Posted 05.24.2011

Turning your Mac into a server


Most of you are probably thinking, “What in the world?”

MAMP stands for Mac, Apache, MySQL, PHP. (Windows can do something similar with WAMP)

NOTE: This post assumes that you at least know what MySQL and PHP are. If not, I wrote a post called Technology Alphabet Soup where I tried to explain a lot of the jargon.

So, what does MAMP do? Well, it let’s you set up MySQL and PHP on your Mac so you can develop sites locally, on your Mac, instead of having to work off the server. This is a more efficient workflow because (1) you don’t have to have an Internet connection to work and (2) you don’t have to wait for files to upload in order to test your work.

Go to to download MAMP.

You can download MAMP Pro ($59), which has some great features, but the free version will also get the job done.

Install the program just like you’d install any other Mac software.

Launch the

You can go ahead and launch the demo version of MAMP Pro regardless.

OK, the security warning.

The demo should last for 30 days.

Once you click through and get this screen, everything should be up and running.

Now, if you click on the MySQL tab, you can click on “Launch phpMyAdmin.” — MAMP installs phpMyAdmin by default! Nice!

Notice, it will automatically launch a web browser where you can now create, edit, and delete databases.

Notice the web address: http://localhost:8888/phpMyAdmin/?lang=en-iso-8859-1&language=English Any sites that you create are going to use http://localhost:8888/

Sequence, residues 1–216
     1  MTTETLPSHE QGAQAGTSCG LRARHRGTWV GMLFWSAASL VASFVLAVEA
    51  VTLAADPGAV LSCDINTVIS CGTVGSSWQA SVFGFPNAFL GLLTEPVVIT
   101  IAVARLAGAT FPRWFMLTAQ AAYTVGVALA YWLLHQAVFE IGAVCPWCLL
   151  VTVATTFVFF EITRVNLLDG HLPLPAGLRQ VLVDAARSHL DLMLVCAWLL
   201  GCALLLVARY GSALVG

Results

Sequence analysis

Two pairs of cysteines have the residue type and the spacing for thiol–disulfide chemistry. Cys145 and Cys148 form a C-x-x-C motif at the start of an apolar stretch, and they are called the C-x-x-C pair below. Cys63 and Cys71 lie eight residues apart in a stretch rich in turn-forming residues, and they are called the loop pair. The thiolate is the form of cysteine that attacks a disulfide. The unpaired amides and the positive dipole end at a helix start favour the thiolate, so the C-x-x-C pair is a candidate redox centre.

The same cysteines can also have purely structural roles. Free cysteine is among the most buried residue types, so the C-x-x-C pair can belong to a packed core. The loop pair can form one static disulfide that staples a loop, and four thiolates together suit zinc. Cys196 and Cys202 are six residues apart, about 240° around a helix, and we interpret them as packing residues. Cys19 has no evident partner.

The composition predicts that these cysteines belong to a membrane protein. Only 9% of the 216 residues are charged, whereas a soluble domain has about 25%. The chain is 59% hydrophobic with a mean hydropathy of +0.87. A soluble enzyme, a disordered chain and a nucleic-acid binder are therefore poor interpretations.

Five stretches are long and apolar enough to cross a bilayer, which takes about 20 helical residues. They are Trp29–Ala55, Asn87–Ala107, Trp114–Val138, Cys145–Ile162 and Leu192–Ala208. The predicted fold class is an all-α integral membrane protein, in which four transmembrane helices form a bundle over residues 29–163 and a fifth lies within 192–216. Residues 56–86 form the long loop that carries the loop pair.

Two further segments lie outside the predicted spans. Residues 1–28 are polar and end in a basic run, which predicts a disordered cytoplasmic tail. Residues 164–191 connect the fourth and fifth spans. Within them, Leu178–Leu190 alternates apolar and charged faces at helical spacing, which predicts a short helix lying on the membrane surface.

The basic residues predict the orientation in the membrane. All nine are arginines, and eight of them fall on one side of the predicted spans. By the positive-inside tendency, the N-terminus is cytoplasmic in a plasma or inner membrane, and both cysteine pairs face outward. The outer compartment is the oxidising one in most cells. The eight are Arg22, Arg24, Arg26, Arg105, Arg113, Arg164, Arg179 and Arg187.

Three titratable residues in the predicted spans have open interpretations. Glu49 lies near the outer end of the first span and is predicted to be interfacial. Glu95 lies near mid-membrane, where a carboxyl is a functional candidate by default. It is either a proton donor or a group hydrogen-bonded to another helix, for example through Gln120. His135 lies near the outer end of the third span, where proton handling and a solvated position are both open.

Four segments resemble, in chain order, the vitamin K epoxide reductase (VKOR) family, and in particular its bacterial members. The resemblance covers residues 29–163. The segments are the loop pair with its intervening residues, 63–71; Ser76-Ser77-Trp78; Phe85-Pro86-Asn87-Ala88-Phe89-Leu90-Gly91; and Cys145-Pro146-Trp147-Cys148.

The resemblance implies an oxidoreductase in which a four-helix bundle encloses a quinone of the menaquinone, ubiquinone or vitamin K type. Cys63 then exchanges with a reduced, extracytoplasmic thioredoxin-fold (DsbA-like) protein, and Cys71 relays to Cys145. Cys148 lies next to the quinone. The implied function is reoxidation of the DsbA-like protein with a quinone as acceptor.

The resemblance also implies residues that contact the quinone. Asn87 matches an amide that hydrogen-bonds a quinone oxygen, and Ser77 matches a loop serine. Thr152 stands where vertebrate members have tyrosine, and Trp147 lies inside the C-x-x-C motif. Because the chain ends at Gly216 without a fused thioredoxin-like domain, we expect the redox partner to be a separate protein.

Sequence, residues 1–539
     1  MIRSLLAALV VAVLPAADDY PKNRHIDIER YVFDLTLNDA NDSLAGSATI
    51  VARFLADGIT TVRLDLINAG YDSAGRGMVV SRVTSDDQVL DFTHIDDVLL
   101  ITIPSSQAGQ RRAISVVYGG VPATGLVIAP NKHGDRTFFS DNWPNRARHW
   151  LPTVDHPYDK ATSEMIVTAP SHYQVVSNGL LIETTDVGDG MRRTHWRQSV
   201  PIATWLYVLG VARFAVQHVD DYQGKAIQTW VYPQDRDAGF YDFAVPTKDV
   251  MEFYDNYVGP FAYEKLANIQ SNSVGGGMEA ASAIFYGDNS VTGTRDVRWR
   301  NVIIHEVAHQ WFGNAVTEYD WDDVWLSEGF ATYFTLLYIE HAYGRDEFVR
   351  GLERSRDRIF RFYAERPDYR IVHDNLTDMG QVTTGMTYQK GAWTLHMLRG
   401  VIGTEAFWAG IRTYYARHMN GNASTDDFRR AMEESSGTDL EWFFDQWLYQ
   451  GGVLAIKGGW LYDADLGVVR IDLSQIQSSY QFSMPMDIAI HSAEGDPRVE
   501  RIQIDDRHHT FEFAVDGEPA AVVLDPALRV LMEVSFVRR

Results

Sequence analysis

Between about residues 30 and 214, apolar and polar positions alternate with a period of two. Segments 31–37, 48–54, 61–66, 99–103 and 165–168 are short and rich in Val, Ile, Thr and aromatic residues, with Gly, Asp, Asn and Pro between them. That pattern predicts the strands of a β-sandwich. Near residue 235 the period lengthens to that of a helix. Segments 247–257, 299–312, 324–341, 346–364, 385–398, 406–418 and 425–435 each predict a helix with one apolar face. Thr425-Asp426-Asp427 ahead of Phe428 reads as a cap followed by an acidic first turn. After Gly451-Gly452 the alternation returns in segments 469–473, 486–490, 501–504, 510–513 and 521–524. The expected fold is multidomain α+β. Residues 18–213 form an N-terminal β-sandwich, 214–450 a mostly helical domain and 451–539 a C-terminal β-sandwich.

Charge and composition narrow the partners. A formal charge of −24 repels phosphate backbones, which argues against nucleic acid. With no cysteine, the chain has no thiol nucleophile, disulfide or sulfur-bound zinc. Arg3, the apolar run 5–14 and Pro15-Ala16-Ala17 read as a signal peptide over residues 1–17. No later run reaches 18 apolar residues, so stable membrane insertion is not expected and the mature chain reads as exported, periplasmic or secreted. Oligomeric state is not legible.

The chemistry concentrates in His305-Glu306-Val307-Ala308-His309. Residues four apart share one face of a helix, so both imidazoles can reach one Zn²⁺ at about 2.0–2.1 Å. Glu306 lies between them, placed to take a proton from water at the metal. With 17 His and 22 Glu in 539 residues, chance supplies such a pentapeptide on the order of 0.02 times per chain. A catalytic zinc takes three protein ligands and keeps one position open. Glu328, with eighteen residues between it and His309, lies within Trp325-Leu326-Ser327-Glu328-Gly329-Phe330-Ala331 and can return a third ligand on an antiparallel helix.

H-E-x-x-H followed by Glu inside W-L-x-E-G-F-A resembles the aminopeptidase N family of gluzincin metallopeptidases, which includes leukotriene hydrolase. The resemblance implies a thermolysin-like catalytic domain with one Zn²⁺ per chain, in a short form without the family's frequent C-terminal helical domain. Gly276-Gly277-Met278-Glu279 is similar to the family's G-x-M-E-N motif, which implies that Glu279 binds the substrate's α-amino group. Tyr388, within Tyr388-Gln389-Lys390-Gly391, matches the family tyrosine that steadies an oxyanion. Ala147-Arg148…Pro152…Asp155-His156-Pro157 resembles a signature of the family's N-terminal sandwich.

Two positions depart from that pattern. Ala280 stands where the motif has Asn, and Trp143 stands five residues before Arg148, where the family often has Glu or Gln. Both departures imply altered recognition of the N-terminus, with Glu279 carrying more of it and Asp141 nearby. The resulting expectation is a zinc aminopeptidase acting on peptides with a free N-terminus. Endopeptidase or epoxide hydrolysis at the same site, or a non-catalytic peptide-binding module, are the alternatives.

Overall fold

So, if you go to your Applications folder > MAMP > htdocs > all your site files will go there.

If you’re following along with the CodeIgniter tutorials, you can create a folder called awesome for your site files.

Now, you can add all your site files that I gave you and you can view them at http://localhost:8888/awesome/

Congrats! You’ve got MAMP up and running. Your Mac works like a server.

…one more thing… when you start working with databases, you’ll need a MySQL password. You can set this up by clicking on the Change MySQL root password button.

From there, it should be pretty straightforward.


Posted 05.19.2011

SEO Tips Nobody Ever Told me

I’m trying to be better about SEO (search engine optimization). But, it’s hard work! It takes effort. It’s a little more than copying and pasting the first couple sentences of a post and using it as the page description.

Did you know that 20-25% of your ranking on the major search engines come from what users actually see? Good gravy!

So far, these have been my favorite resources:

Most of the stuff that I read online, all say the same thing:

  • Pay attention to your page titles. You want the most important keywords in the page title and each page needs a unique title.
  • Have a unique META description and META keywords on each page META descriptions are used by Google when they display your page results on their site. META keywords are terms that you think people will use when searching for your site.
  • Build links When someone links to your site that’s the equivalent of a vote: someone saying “I believe this site is important.” You want to build up as many links to your site as possible. That’s why people talk about the importance of commenting on other people’s site and including a lik back to your own site. Not only will people read your comment (and hopefully see value), but you’ll also have another “vote” for your site.
  • Check your H1s (or other H tags for that matter) Heading tags prioritize your information for Google. An H1 should contain the most important thing on any given page. (Typically, that’s going to be the name of your company). The second most important thing (H2) might be the page name or blog post title.